Logo Title Quebec Reading Connection

The Water Hole

Base, Graeme (Author/Illustrator)
Penguin Random House 2004. 32 pages
First published: 2001
ISBN: 9780142401972 (paperback)
Original language: English
Book type: Picture Book

Text Elements:

recurring patterns, setting

Reading Range

 
Cycle
Elementary
Secondary
 
1
2
3
1
2
ELA
K
1
2
3
4
5
6
1
2
3
4
5
ESL
1
2
3
4
5
6
1
2
3
4
5
ESL Intensive & Enriched
5
6
1
2
3
4
5

Description:

This brief but engaging counting book describes a water hole and the creatures it attracts across multiple ecosystems, from “One Rhino drinking at the water hole,” to “Ten Kangaroos looking at the water hole.” Each page features a different ecosystem from Africa, India, China, Australia, and South and North America. The water hole diminishes with each page, until it is completely dry.

The illustrations are the highlight of this book. Executed in watercolours, pencil and gouache on hot-press illustration board, each page features rich, realistic scenes that are full of detail, including camouflaged animals that emerge the longer one spends examining the foliage, trunks, shadows and branches. Bordering each page are small representations of the animals hidden within. Recurring characters—frogs wearing hats, necklaces, suits and glasses—appear regularly.

Text is limited but includes sounds that the animals make including “bzui” for the ladybugs, “scrmph” for the tortoises and “moo, moo mooooooiii!” for the moose. When the water hole dries up completely, all the animals leave and the scene turns to desolate shades of brown. After “it rained and rained and rained and rained,” the animals return. The final two pages are filled with a multitude of creatures, a celebration of the importance of water for all forms of life.

  •  

    Discuss the importance of water in our daily lives. Could you survive without it?

  •  

    In Cycle One, explore the numbers and pictures. Learn the animal names.

  •  

    Explore the pictures, texts and borders. Describe the animals, using several descriptors for each one (furry, striped, orange and black). Use a safe, student-friendly site to research one of the less familiar animals (pika, tapir, etc.). Make a descriptive poster.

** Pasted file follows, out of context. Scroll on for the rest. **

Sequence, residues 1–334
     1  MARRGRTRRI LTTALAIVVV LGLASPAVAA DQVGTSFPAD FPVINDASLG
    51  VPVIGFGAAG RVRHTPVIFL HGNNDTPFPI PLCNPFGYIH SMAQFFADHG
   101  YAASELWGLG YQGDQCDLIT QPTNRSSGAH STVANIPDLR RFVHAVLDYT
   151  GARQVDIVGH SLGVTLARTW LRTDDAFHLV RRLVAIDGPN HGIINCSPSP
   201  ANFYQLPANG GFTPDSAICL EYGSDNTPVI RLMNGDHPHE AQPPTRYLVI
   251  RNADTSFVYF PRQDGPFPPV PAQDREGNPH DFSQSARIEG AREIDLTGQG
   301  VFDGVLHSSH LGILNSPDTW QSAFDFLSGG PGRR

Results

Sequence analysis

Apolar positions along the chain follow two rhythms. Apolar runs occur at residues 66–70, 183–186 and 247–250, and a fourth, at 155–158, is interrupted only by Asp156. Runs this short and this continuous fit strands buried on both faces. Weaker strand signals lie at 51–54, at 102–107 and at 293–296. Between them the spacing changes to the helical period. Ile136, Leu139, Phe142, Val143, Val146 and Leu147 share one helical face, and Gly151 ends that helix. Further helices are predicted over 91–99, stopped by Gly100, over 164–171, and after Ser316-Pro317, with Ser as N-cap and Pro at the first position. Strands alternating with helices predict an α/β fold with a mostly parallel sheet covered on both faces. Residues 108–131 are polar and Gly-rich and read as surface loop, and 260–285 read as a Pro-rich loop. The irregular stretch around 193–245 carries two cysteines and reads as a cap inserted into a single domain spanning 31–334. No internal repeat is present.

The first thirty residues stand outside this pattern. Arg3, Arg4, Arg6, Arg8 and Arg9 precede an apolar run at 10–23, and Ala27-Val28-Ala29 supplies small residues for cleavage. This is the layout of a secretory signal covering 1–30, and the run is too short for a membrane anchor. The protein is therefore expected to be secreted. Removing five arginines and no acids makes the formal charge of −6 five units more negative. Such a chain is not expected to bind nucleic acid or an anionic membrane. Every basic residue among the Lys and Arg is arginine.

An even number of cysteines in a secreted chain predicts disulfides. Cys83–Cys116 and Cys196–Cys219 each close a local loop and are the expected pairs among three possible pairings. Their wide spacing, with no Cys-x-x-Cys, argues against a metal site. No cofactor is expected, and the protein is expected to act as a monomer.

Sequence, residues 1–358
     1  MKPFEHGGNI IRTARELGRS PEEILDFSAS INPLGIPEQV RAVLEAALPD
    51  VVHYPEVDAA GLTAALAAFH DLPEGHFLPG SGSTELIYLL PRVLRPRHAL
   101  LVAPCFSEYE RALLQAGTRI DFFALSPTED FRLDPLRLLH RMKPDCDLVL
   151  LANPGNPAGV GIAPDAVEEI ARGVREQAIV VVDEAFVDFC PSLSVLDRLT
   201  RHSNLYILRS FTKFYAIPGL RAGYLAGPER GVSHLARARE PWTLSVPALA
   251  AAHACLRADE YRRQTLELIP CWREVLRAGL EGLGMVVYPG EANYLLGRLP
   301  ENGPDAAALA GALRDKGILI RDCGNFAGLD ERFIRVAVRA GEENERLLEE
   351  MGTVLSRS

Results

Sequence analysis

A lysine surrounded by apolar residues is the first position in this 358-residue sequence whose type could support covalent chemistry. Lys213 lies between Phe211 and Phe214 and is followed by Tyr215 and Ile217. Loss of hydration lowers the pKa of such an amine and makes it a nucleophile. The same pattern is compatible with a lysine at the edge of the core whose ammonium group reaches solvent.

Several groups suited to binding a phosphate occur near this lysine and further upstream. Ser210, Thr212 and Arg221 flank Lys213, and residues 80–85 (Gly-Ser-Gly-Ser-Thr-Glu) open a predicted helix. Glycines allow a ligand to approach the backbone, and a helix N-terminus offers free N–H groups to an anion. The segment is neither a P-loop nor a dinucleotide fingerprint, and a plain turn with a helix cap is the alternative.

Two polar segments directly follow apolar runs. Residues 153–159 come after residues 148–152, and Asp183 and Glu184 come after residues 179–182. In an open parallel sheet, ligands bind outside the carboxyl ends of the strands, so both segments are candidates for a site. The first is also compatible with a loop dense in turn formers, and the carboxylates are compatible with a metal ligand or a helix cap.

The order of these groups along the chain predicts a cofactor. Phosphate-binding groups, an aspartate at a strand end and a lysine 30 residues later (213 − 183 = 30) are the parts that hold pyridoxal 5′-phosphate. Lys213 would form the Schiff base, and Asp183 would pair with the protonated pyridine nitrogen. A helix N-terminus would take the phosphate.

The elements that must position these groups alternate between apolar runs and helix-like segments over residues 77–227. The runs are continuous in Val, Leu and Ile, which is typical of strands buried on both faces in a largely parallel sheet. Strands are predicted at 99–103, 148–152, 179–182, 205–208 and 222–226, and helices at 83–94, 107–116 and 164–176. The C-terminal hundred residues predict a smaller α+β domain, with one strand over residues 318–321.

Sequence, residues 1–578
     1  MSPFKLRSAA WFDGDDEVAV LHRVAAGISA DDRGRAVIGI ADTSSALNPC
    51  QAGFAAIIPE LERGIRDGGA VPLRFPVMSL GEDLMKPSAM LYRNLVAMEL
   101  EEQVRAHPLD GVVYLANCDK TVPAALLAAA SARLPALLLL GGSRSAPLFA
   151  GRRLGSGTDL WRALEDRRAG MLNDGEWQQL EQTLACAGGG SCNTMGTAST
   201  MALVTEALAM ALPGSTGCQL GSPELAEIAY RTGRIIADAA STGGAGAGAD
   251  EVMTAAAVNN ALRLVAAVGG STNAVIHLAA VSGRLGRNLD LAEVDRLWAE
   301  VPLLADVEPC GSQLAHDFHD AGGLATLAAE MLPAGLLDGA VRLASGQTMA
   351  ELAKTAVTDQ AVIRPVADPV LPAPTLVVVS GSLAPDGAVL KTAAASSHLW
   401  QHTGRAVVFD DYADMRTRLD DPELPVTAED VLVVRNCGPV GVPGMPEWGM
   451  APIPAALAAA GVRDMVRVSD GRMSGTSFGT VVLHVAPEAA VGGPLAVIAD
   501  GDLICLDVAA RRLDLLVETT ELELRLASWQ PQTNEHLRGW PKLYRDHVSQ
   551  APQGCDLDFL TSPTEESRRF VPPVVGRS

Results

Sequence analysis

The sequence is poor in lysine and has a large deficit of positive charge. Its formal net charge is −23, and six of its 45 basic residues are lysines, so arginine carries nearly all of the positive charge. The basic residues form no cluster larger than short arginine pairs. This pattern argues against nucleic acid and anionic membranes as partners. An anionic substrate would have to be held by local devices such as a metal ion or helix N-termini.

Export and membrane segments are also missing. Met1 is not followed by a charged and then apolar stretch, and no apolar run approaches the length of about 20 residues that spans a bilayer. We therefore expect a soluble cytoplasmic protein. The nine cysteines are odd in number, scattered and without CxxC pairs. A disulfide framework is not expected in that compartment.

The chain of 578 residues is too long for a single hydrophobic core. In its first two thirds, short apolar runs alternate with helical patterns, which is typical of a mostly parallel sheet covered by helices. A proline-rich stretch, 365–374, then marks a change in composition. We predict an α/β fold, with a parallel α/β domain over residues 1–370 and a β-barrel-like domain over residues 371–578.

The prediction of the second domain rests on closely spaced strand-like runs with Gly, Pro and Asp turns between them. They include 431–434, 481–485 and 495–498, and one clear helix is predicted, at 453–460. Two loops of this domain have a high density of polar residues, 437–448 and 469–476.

•  

    In your reader-writer’s notebook, describe what you can infer about how the animals are feeling based on their facial expressions. Synthesize your thoughts by writing about the importance of water conservation and caring for our planet.

  •  

    Choose a country from the last page and research other animals that inhabit it. Find one that is unusual and present what you learn to other students.

  •  

    In Cycle One, explore the numbers and pictures. Learn the animal names. Discuss what is happening to the water hole. Retell the story with the pictures.

  •  

    In Cycle Two, explore the pictures and other animals you notice in them. Describe the animals using a variety of descriptors (furry, striped, orange and black). Create a new version of the counting book using local animals.

  •  

    In Cycle Three, explore the texts, pictures and borders. Where do these animals come from? Pinpoint the regions at the end of the book on a world map. Discuss interesting vocabulary: squawking, gazing, wallowing.

  •  

    Discuss the importance of water in our lives. How can we conserve it?

  • To cooperate with others
  • To exercise critical judgment
  • Environmental Awareness and Consumer Rights and Responsibilities
  • Geography, History and Citizenship
  • Science and Technology